The National Institutes of Health (NIH) revealed Tuesday that six decades-old vials of the smallpox virus were discovered earlier this month at a government laboratory in Bethesda, Md.
The extremely rare discovery, which officials insisted did not pose a threat to public health, comes 35 years after the deadly and highly infectious virus was eradicated, and raises questions about safety rules in federal research facilities.
U.S. officials are now conducting tests to determine whether the viral samples are active and could grow in human tissue. After that, according to the NIH, the samples will be destroyed, with the World Health Organization invited to observe.
Tuesday's announcement took place nearly one week after the vials, which appear to be from the 1950s, were first discovered in a cold storage room on the NIH campus.
They passed through a containment lab in Bethesda on their way to the official repository in Atlanta, where they were delivered late Monday night, the NIH said.
The institute said that there is "no evidence" that any of the vials were breached, nor signs that lab workers or the public were at risk of exposure.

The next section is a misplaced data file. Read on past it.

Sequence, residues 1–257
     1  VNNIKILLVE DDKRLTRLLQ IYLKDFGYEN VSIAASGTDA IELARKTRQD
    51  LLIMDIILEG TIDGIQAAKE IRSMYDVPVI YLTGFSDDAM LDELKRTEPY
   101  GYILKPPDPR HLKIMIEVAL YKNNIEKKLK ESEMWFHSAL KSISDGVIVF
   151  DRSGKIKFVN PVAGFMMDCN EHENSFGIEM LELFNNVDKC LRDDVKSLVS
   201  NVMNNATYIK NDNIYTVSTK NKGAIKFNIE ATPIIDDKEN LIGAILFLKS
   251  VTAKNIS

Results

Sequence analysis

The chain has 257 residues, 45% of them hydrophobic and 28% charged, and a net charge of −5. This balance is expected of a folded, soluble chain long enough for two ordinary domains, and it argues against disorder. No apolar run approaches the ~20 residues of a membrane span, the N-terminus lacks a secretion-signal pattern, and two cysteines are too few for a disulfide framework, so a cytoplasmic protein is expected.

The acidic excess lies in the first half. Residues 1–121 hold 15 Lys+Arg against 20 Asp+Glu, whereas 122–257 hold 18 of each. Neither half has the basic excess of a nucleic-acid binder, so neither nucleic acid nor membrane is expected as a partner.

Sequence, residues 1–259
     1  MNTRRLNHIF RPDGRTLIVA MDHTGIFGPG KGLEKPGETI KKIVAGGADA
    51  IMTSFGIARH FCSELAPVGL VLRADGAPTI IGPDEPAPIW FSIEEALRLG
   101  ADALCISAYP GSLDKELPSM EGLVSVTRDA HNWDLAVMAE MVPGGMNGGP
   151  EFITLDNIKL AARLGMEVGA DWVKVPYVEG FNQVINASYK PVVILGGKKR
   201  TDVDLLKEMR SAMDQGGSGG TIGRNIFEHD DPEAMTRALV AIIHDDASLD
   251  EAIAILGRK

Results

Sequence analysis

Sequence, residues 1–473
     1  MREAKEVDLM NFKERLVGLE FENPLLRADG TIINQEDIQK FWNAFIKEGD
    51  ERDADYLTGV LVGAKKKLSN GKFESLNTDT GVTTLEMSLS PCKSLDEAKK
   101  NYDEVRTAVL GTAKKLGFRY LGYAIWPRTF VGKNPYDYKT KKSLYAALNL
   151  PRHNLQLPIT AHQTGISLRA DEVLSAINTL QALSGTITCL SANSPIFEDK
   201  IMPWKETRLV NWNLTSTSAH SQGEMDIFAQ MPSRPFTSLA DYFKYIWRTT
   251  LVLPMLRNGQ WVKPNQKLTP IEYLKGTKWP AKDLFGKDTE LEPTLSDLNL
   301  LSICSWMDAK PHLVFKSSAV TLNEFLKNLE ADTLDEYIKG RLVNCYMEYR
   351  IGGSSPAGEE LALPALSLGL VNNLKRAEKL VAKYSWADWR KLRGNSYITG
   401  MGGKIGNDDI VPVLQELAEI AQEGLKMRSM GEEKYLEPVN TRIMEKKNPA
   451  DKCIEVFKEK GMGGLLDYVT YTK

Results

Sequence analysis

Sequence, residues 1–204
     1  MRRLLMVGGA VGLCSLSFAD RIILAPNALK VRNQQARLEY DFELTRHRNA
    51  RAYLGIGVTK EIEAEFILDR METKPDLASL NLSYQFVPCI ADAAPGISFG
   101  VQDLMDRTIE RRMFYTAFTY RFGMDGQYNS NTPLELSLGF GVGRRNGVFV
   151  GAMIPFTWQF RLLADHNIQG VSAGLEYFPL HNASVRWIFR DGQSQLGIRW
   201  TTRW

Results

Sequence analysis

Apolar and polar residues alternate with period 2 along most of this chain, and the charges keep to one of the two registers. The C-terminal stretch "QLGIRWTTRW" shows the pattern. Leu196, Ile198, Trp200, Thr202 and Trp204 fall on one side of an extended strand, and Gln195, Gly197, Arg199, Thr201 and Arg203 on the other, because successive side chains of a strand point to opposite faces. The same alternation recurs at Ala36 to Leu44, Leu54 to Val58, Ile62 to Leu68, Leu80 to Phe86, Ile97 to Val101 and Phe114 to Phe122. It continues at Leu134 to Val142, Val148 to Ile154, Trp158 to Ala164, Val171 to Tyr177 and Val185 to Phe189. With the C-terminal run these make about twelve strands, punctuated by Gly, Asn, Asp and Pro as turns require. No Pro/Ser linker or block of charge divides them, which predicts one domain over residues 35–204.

Nonetheless, the discovery is likely to prompt investigations into how unauthorized samples of the virus were able to remain unnoticed on government property for so long.
The existence of the vials violates the international agreement designed to limit smallpox, which is considered a potential terrorist threat. The virus is permitted only for study in the Atlanta lab and at a similar facility in Russia.
Scientists found the samples while preparing to move the laboratory to the Food and Drug Administration campus in nearby Silver Spring, Md.
A total of 16 vials were discovered, according to ABC News, but only six tested positive for the smallpox virus.